If your website has several technical errors, such as HTML errors, broken links, missing image alt tags etc., this will negatively impact your search rankings. It’s important that your site’s HTML be as functional and informative as possible. If you visitors are arriving on pages with broken links, or are unable to view images, they are likely to go elsewhere to find the information they are looking for. Similarly, search engines will rank sites with broken links, missing image alt tags and other HTML errors much lower in the results.

The Solution:

To confirm whether your site’s HTML is programmed properly, and/or to check for broken links and other coding errors, you can use one of the following sites to check: validator.w3.org, brokenlinkcheck.com, and feedthebot.com/tools/alt/. From there, you can make all necessary changes to ensure that your website is functioning at its highest performance level. If HTML isn’t your thing, you may want to hire a professional developer or website design agency to help. Learn more about choosing the right web design agency for you.

4. The Issue: Few Authoritative Links Pointing to Your Site.

This one’s a little less obvious, and a bit more work is involved in correcting the issue. Search engines are focused on providing the most relevant results to searchers, so the more important your site appears to be to an authoritative site, the more important you become in the search rankings. Educational sites, government sites, news sites, and popular brand sites, for example, are all examples of authoritative sites that you want linking to yours. It takes time, however, to form a trusted relationship with these types of organizations.

The Solution:

You can check out who is currently linking to your site using ahrefs.com, and then get to work on increasing your authoritative links. If you offer services which can be listed in a relevant directory on an authoritative site, this is one way to get authoritative links to your site. Guest blogging is another effective way to get your website mentioned and linked to an authoritative site. Publishing articles in industry publications is another.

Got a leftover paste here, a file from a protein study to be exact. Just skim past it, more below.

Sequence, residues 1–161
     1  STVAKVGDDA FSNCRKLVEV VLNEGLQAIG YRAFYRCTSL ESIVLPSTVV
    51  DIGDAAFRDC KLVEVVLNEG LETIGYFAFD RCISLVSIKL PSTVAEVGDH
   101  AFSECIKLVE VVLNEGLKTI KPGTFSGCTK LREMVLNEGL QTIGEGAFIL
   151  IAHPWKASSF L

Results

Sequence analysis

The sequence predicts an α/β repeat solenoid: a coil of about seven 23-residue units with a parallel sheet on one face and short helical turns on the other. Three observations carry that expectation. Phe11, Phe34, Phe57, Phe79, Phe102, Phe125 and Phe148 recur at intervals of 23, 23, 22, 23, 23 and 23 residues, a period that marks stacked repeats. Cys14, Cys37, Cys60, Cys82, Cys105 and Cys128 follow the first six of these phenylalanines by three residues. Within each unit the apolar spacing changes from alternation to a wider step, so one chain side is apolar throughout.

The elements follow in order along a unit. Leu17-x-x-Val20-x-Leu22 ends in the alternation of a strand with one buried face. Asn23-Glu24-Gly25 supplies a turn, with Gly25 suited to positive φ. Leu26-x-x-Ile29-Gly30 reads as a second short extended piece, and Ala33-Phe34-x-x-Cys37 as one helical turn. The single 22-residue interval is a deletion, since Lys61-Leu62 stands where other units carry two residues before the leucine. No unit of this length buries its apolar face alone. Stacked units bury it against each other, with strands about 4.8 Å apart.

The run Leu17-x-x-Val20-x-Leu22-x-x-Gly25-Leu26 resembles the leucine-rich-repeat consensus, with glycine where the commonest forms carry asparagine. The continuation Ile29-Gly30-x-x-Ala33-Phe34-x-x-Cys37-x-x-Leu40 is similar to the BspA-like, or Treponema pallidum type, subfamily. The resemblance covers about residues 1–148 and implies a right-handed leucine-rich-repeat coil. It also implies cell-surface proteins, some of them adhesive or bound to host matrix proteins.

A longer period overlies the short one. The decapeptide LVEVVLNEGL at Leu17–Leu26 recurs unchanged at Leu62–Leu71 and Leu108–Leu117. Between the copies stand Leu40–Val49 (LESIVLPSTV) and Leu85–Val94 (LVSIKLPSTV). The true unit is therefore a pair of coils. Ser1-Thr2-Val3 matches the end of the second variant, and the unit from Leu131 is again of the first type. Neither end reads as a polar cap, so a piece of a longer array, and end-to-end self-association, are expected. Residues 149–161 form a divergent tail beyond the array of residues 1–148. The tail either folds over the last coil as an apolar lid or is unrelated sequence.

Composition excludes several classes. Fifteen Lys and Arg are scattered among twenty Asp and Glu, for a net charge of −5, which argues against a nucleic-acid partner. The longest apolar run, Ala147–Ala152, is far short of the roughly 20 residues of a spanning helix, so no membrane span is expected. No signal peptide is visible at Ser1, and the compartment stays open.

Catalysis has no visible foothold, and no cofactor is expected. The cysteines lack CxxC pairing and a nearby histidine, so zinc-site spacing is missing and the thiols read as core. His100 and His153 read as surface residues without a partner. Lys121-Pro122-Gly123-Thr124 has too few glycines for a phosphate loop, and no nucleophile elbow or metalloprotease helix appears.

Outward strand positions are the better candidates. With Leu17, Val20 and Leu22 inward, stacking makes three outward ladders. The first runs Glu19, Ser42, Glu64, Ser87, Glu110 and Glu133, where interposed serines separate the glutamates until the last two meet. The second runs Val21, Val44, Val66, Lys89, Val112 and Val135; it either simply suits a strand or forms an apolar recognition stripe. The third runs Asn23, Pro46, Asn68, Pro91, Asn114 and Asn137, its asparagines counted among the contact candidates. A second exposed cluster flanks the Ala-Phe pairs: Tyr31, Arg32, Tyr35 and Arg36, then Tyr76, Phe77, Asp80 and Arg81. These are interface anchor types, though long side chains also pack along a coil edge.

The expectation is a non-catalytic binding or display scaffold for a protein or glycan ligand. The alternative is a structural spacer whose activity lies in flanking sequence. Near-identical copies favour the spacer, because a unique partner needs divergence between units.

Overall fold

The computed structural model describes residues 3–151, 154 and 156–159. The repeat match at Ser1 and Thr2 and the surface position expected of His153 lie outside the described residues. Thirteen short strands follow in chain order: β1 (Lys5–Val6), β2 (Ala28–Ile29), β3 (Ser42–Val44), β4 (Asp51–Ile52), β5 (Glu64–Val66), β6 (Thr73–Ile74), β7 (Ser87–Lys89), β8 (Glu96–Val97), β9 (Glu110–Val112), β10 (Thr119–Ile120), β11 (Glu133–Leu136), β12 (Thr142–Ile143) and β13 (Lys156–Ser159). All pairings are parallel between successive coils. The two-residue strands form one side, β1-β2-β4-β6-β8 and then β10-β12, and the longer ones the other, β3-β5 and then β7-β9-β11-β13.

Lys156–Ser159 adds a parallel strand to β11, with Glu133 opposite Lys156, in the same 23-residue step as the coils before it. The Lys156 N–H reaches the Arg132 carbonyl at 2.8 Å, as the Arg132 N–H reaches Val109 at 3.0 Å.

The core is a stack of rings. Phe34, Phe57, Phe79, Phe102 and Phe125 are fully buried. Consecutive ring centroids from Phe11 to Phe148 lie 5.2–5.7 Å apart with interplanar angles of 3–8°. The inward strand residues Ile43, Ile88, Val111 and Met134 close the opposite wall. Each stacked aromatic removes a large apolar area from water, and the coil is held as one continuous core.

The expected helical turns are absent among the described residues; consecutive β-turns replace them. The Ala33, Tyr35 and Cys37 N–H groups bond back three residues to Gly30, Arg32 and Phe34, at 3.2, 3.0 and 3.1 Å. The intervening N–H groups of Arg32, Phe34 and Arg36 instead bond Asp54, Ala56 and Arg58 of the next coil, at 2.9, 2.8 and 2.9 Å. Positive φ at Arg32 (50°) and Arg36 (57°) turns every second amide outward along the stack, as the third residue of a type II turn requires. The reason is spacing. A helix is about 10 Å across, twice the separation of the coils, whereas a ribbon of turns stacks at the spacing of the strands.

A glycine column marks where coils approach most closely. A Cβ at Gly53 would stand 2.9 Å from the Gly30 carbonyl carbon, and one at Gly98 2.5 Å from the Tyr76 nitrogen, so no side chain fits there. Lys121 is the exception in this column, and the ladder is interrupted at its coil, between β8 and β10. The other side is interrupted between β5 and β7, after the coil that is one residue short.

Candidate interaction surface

Attracting the attention of authoritative websites and their content curators means you’ll have to create some incredible content yourself. If writing isn’t your thing, then you’ll need to a hire a professional writer or copywriting agency to help you.

5. The Issue: Slow Loading Times.

According to Search Engine Journal, “Pages in the top 10 positions have a loading time of 7–8 seconds, on average.” If your website takes forever to load, you are going lose a lot of potential customers. Plus, your website will get pushed lower in the ranking results. No one wants to wait forever to navigate through a website, including the search engine bots.

The Solution:

Check out your site’s loading time at gtmetrix.com. The free tool analyzes your site speed, and indicates specific issues with regards to browser caching, URL issues, image optimization, and a variety of additional factors which affect your site loading time. You can then work with a website developer to fix as many issues as possible to get your site loading at an acceptable speed.

6. BONUS Issue: Your Website Isn’t Mobile Friendly.

Google bots just recently started experimenting with indexing for mobile first. While your site will still be indexed whether it is designed for desktop or mobile viewers, mobile design wins. Even before this new development, mobile-friendly sites have been ranking higher ever since Mobilegeddon in 2015. Mobile searchers are growing at a significant rate, and the search engines seek to deliver relevant results accordingly.

The Solution:

If your website isn’t mobile friendly at this stage of the game, you’re way behind and need to get this issue fixed as soon as possible. It’ll only get worse from here on out.

Not Ranking Well?

If your site is consistently showing up at the bottom of the list, it may be time to take a closer look at how well your website is serving its intended audience. The better you can serve your website visitors, the higher you’ll rank in the search results. It’s (almost) that simple.

 
Lisa Leslie
A writer by nature, Lisa has a way with words that captures her readers' attention and drives them to action. She has intuitive writing and editing skills, in addition to 6+ years of experience in traditional, digital and social media marketing. When she's not writing, you'll find her enjoying the outdoors with her family.

Related posts